Suffrage, Schooling, and Sorting in the Post-Bellum U.S. South
This paper estimates the political and economic effects of the 19th century disenfranchisement of black citizens in the U.S. South. Using adjacent county-pairs that straddle state boundaries, I examine the effect of voting restrictions on political competition, public goods, and factor markets. I find that poll taxes and literacy tests each lowered overall electoral turnout by 8-22% and increased the Democratic vote share in elections by 1-7%. Employing newly collected data on schooling inputs, I show that disenfranchisement reduced the teacher-child ratio in black schools by 10-23%, with no significant effects on white teacher-child ratios. I develop a model of suffrage restriction and redistribution in a 2-factor economy with migration and agricultural production to generate sufficient statistics for welfare analysis of the incidence of black disenfranchisement. Consistent with the model, disenfranchised counties experienced a 3.5% increase in farm values per acre, despite a 4% fall in the black population. The estimated factor market responses suggest that black labor bore a collective loss from disenfranchisement equivalent to at least 15% of annual income, with landowners experiencing a 12% gain.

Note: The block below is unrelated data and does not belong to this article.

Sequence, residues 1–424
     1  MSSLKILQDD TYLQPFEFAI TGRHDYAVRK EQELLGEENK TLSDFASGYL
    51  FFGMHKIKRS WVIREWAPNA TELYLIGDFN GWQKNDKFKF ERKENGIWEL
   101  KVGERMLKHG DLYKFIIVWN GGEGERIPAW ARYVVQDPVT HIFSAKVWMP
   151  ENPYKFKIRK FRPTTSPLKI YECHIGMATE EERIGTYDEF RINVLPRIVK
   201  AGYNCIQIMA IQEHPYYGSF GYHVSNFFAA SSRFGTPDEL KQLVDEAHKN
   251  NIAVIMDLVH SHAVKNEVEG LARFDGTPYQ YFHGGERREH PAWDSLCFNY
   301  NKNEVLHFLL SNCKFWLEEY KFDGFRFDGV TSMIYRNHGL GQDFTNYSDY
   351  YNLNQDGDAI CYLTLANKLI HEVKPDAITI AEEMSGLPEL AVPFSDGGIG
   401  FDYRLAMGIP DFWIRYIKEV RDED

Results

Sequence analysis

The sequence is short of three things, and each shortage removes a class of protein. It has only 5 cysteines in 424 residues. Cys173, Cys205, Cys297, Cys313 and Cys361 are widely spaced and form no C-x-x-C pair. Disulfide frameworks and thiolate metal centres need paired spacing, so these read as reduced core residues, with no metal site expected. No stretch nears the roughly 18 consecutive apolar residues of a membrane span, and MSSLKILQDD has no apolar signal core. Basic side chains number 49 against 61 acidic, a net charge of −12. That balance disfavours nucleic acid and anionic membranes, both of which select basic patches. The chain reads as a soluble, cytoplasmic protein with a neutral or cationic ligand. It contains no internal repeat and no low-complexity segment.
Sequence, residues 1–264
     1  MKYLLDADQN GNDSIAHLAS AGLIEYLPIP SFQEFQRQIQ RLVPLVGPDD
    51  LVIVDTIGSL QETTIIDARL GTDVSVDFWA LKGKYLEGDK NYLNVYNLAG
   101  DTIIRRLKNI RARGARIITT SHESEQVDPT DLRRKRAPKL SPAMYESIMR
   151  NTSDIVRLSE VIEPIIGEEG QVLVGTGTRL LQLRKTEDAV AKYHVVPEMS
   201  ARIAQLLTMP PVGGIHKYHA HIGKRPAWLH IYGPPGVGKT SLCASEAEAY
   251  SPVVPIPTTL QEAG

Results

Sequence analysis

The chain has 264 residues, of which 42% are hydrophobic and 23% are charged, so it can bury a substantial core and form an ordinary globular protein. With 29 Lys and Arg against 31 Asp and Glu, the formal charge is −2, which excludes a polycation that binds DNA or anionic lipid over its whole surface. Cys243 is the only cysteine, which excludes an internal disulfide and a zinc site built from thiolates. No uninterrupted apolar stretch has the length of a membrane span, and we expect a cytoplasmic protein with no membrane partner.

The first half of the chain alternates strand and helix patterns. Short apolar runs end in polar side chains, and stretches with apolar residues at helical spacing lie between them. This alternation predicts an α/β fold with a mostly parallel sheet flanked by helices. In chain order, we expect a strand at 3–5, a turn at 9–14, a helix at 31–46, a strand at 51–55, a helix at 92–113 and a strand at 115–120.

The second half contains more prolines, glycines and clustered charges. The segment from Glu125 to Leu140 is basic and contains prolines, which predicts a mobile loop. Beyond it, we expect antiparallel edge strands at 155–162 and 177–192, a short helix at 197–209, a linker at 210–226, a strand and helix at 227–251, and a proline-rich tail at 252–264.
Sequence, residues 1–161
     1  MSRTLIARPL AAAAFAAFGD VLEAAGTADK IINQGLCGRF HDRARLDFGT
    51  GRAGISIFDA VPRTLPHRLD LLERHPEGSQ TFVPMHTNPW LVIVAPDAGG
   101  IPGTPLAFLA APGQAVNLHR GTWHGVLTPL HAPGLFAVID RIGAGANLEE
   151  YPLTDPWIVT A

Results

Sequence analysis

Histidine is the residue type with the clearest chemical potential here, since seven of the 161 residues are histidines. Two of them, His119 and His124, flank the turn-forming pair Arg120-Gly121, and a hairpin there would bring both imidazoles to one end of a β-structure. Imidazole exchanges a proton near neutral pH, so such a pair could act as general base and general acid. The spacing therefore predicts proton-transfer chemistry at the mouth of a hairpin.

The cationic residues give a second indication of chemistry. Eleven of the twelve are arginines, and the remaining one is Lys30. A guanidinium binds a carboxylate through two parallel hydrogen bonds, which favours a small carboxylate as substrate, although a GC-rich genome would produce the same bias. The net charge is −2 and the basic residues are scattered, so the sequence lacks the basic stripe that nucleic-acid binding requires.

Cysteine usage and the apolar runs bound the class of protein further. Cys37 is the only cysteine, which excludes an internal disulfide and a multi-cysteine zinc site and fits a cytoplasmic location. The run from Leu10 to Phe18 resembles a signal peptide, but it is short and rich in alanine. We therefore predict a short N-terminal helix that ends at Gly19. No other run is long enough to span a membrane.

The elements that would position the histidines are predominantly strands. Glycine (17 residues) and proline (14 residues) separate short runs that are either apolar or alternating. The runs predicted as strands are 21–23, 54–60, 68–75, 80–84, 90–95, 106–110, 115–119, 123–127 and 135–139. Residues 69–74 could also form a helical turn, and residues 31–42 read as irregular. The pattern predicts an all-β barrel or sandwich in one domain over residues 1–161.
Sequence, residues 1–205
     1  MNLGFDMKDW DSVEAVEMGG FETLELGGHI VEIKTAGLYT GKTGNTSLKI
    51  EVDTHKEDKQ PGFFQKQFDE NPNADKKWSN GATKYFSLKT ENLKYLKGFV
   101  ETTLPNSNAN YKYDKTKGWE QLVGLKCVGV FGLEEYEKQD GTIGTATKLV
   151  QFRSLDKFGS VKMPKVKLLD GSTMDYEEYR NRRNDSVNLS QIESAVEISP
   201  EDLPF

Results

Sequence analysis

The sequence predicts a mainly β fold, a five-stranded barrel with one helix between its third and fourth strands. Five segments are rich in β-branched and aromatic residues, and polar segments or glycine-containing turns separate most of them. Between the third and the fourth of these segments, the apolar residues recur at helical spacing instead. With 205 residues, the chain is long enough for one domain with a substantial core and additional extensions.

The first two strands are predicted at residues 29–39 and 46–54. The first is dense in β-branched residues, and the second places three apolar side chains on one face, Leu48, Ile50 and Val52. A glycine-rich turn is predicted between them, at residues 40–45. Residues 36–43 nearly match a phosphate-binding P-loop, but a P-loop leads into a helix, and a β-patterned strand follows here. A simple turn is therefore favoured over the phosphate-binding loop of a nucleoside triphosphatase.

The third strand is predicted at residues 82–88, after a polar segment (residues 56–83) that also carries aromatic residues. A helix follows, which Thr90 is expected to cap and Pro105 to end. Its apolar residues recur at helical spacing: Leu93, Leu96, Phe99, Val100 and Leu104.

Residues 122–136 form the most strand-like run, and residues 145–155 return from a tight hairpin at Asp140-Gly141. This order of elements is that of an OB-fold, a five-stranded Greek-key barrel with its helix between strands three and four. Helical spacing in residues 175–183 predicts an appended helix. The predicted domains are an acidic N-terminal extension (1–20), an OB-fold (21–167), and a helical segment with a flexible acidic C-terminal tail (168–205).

I thank Morgan Kousser, Jeremy Atack, Jim Snyder, and Michael Haines for data. Raj Arunachalam, Jesse Driscoll, Jeremy Dittmar, Arindrajit Dube, Oeindrila Dube, Ethan Kaplan, Claudia Goldin, Danny Hidalgo, Rick Hornbeck, Benjamin Lava, Trevon Logan, Bob Margo, Lindsay Mayka, Ted Miguel, Neal Richardson, James Robinson, and Noam Yuchtman all provided helpful comments. I also thank Edward Copenhagen and the staff at the Gutman Library Special Collections and Hi-Tech BPO. Monali Agarwal, Natalie Bau, Ferran Elias, and Raul Sanchez de la Sierra provided excellent research assistance. Financial assistance from the Weatherhead Center for International Affairs and the Canadian Institute for Advanced Research is gratefully acknowledged. The views expressed herein are those of the author and do not necessarily reflect the views of the National Bureau of Economic Research.